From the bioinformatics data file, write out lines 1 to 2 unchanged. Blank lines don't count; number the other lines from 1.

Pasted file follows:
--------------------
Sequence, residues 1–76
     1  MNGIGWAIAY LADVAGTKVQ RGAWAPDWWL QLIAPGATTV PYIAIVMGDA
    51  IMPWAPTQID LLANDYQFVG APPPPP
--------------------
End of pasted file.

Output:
Sequence, residues 1–76
     1  MNGIGWAIAY LADVAGTKVQ RGAWAPDWWL QLIAPGATTV PYIAIVMGDA